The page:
Sonny Criss Saturday Morning (1975). Sonny Criss was a serious be-bopper whose peripatetic lifestyle denied us enough documentation of his extraordinary talent. He’s in that Sonny Still bag a little bit but with a simpler kind of harmonic perspective and another kind of open-hearted vulnerability. On this fine straight ahead date the ballads like “Angel Eyes” and “Until the Real Thing Comes Along” are simply phenomenal; the latter has a heartfelt declamation of the melody surrounded by double- and triple-time filigree. Leroy Vinnegar and Lenny McBrowne are a great West Coast rhythm section and the vibes are good all-around. (Amusingly, Vinnegar loses the form on the title track, a simple E minor blues, perhaps he’s been looking at too much paper in the L.A. studios.) All the Xanadu dates with Barry Harris are worth hearing; Harris was at a peak in this era and producer Don Schlitten was on the same wave length. “Tin Tin Deo” shows Barry in somewhat funky frame of mind; he also gets a trio “My Heart Stood Still” (still one of his favorite pieces) that is an album highlight. The piano is out of tune but who cares?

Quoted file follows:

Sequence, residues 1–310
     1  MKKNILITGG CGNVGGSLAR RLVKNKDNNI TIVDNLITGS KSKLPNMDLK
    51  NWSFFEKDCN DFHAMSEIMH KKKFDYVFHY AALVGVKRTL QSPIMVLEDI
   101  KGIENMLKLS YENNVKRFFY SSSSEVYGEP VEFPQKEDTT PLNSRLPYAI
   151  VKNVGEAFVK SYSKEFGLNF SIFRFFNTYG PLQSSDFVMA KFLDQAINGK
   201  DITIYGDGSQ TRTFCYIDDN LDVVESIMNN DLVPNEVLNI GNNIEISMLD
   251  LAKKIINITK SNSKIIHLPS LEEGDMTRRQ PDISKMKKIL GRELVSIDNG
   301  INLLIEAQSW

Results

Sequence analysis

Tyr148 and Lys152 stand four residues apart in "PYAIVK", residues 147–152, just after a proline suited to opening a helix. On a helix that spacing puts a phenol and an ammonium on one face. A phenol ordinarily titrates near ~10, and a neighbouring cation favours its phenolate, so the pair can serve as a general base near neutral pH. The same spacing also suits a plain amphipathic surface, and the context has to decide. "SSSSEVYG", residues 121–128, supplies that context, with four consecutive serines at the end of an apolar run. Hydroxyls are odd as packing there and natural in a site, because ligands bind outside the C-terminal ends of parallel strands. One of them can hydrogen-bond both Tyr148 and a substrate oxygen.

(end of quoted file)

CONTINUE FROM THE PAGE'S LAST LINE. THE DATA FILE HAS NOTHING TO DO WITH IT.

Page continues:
Sonny Stitt Mellow (1945). The most consistent jazz musician in the studios? There are so many Stitt albums, I’ll never hear them all. This is a somewhat unusual date, with only Barry Harris being a typical Stitt collaborator, the rest of the musicians are wild cards of one or another: Jimmy Heath (heard on soprano and flute as well as tenor), Richard Davis, and Roy Haynes. The Muse production is typically bare bones, the piano is out of tune and the drums should be louder in the mix, especially since Roy Haynes is far more in control of a good beat than Richard Davis. It’s interesting to hear Davis play a straight session in 1975, he’s good on the ballads but the swingers are a shade chaotic. The liner notes by Gary Giddins (who also produced the date) are rather shocking, he’s quite frank about what he perceives as Stitt’s strengths and weaknesses. I’d agree with most of what Giddins says but it’s either alarming or refreshing to see it on the LP jacket. The session is heavy on ballads (thus the album title) but for me I prefer it when they get into the blues on “A Cute One” and throw down the uptempo bop on “How High the Moon.” Heath puts some modernist heat on Stitt (he’s especially good on “Moon”) but the elder doesn’t seem to notice much, both horns just cook away.